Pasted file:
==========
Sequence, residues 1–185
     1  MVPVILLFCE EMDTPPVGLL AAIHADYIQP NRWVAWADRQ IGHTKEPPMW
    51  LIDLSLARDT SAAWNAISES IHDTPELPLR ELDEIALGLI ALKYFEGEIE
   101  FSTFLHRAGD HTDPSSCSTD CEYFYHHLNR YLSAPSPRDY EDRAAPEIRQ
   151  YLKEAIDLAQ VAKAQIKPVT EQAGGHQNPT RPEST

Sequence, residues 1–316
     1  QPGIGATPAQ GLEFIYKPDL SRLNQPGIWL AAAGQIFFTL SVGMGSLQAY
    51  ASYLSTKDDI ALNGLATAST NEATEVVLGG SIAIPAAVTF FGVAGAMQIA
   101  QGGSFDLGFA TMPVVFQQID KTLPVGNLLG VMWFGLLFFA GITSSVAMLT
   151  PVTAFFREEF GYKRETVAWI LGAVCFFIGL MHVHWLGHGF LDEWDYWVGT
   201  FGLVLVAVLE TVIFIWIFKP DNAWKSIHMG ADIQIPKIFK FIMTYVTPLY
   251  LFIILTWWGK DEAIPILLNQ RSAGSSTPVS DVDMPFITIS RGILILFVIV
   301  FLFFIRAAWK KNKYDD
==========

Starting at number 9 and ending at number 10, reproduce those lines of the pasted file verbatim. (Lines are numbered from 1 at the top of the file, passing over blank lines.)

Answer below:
   101  QGGSFDLGFA TMPVVFQQID KTLPVGNLLG VMWFGLLFFA GITSSVAMLT
   151  PVTAFFREEF GYKRETVAWI LGAVCFFIGL MHVHWLGHGF LDEWDYWVGT